Some authors have pointed out that the crystalline degree of iron oxide minerals may affect its performance as a heterogeneous catalyst. In their report on phenol degradation, Prucek et al. (2009) assumed that low-crystalline content contributed to more efficient catalytic oxidation of the target molecule. However, the authors recognised the dissolution of amorphous catalyst, resulting in homogeneous catalysis and a more efficient process compared to heterogeneous catalysis over crystalline iron oxides. Therefore, if a general relationship is to be established between the degree of iron oxide crystalline minerals in a soil and its catalytic performance, the outcomes of homogeneous and heterogeneous catalysis must be separated. Since the second is the scope of this review, we did not consider studies that detected iron leaching. Guo and Barnard (2013) on their review about naturally-occurring iron oxide nanoparticles, pointing out that low-crystalline iron oxide minerals possess large surface area to volume ratio if compared to crystalline ones, a feature that might be relevant for surface processes like adsorption and heterogeneous catalysis. On the other hand, a report by Gregor et al. (2010) demonstrated that for HOOH decomposition using as catalysts hematite and maghemite nanoparticles with different crystalline degrees, particles with less amorphous-phase mineral content produced higher decomposition yields; thus, crystalline degree is a more important factor, above surface area, when defining Fenton and Fenton-like catalytic processes performance. It seems that if the catalysis process is fundamentally heterogeneous, as was the case of HOOH decomposition, a more crystalline catalyst would improve reaction rates. To this point, the non-crystalline and the free iron oxides ratio, FeAOX/FeDCB, is higher in Andisols than Ultisols. However, review of available literature and experience in the field points out that iron oxide mineral-structure type is more important than crystalline degree in determining catalytic potential. In this regard, catalysts prepared from Ultisols should perform better as Fenton catalysts mainly due to their natural magnetite contents. This proposition will be reviewed further herein.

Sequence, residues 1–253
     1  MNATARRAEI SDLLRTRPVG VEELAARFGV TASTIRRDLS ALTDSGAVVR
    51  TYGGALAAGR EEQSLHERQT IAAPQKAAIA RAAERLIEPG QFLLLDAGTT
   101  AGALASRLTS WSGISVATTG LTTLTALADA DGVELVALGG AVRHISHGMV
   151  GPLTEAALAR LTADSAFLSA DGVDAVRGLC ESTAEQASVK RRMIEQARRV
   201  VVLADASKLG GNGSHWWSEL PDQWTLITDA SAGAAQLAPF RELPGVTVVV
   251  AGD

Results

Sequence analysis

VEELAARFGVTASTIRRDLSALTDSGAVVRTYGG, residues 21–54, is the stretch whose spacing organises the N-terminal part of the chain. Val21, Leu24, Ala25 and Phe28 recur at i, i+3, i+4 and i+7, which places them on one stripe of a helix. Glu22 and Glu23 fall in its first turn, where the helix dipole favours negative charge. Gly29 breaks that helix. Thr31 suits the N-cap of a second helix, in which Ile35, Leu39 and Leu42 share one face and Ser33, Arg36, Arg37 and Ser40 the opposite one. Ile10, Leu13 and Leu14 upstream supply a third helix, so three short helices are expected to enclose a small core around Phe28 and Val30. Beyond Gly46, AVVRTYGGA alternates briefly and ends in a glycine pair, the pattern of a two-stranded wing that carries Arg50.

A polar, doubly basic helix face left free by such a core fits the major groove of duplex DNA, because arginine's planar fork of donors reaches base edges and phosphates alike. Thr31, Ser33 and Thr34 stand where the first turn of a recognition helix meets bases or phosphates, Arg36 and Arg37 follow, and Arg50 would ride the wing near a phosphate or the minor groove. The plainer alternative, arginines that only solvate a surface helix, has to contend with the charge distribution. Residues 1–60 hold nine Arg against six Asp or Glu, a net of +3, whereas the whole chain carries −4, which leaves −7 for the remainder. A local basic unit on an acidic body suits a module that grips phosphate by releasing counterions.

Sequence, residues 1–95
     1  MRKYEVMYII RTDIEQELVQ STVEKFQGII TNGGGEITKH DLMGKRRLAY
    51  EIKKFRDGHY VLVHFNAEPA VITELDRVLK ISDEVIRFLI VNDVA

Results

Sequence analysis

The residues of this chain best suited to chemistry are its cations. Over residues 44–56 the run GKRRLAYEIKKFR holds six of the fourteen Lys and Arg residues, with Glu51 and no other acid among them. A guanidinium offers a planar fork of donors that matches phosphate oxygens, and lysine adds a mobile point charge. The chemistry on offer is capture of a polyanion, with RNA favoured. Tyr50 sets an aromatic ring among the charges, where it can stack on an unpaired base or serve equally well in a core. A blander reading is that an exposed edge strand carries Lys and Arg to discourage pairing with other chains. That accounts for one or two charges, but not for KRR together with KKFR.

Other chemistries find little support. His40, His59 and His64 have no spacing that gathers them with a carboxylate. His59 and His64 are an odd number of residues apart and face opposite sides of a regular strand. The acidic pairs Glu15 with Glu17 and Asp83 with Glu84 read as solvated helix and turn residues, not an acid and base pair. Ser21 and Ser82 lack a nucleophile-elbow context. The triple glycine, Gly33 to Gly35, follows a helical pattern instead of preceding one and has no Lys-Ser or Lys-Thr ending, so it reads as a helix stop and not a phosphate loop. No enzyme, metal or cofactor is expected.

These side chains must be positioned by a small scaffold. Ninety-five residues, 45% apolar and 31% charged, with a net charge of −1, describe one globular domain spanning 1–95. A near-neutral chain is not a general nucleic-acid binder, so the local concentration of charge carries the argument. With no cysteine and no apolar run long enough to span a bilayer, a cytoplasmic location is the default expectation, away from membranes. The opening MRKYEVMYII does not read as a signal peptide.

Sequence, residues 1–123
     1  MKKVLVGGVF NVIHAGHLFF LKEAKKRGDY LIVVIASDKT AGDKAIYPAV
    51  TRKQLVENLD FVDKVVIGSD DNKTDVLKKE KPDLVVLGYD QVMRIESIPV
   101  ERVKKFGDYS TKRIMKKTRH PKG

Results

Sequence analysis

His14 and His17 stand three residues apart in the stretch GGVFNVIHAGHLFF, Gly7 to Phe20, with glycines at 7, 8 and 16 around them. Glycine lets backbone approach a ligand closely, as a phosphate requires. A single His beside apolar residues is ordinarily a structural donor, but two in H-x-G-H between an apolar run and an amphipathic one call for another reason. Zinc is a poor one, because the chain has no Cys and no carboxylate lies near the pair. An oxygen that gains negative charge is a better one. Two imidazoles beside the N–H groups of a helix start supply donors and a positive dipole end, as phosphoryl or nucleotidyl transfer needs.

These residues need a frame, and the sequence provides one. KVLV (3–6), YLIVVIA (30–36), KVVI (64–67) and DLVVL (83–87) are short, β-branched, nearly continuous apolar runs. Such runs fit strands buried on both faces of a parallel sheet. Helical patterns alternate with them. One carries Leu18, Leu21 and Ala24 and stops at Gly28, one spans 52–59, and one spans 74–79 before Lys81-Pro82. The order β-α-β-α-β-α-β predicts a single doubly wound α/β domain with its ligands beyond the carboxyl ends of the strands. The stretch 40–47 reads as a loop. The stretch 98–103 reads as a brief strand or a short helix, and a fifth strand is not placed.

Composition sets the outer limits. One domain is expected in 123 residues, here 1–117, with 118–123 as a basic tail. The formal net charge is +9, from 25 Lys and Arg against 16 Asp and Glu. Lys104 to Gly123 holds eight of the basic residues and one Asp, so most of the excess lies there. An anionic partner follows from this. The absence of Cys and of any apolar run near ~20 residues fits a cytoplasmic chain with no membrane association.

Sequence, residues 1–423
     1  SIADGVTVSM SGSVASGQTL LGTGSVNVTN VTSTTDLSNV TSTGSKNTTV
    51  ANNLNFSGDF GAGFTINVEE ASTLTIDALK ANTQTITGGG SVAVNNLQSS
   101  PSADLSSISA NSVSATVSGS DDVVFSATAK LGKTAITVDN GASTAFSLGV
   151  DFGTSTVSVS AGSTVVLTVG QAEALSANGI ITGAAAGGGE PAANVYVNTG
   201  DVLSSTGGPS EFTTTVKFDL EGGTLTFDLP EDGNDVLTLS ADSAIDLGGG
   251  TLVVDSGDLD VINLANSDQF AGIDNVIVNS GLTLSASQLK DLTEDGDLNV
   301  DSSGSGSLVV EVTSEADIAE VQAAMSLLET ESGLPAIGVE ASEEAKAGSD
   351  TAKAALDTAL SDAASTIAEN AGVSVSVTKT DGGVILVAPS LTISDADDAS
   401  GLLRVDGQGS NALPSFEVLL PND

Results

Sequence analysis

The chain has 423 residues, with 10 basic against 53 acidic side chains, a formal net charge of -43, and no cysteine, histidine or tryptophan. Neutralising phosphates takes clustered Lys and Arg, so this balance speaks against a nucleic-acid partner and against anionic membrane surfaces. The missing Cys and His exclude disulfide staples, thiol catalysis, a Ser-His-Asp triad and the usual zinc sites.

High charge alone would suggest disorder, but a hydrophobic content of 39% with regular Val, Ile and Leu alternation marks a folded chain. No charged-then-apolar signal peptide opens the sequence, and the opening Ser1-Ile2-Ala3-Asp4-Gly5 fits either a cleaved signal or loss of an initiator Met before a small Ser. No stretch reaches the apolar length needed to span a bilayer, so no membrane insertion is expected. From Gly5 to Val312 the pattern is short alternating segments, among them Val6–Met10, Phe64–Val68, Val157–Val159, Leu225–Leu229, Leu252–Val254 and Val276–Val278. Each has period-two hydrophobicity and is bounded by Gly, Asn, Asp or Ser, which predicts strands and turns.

In summary, volcanic soils present different technological applications as heterogeneous catalysts, some of which are directly related to their iron oxide content. Despite the low-cost and ubiquity of natural iron oxides, the potential of these materials in catalytic applications may be hindered by the presence of other soil components, principally OC and less active mineral layers, which compete for catalytic sites and decrease efficiency. In many cases, however, pre-treatment procedures to concentrate and activate crystalline phases of iron oxides yields to improved catalysis compared to bulk soil samples, as will be discussed in more detail below. In the following sections, application of Chilean volcanic soils as catalysts for heterogeneous reactions will be reviewed as follows (1) volcanic soils as catalysts for the Water Gas Shift reaction, with special consideration of the effect of heat-treatment on the preparation of catalytic material; and (2) volcanic soils as catalysts for the Fenton reaction, with a focus on the use of physical separation (i.e. magnetic separation) and chemical concentration (i.e. NaOH treatment for concentration of iron-oxide crystalline minerals) methods for preparing Fenton catalysts with enhanced performance.

Volcanic soils as catalysts for the water gas shift reaction

As described by Callaghan (2006), the water gas shift reaction (WGS) is an industrial process for the conversion of H2O and CO into H2 and CO2 through the following reaction:

H2O + CO ( H2 + CO2 (H° = -41.2 kJ mol-1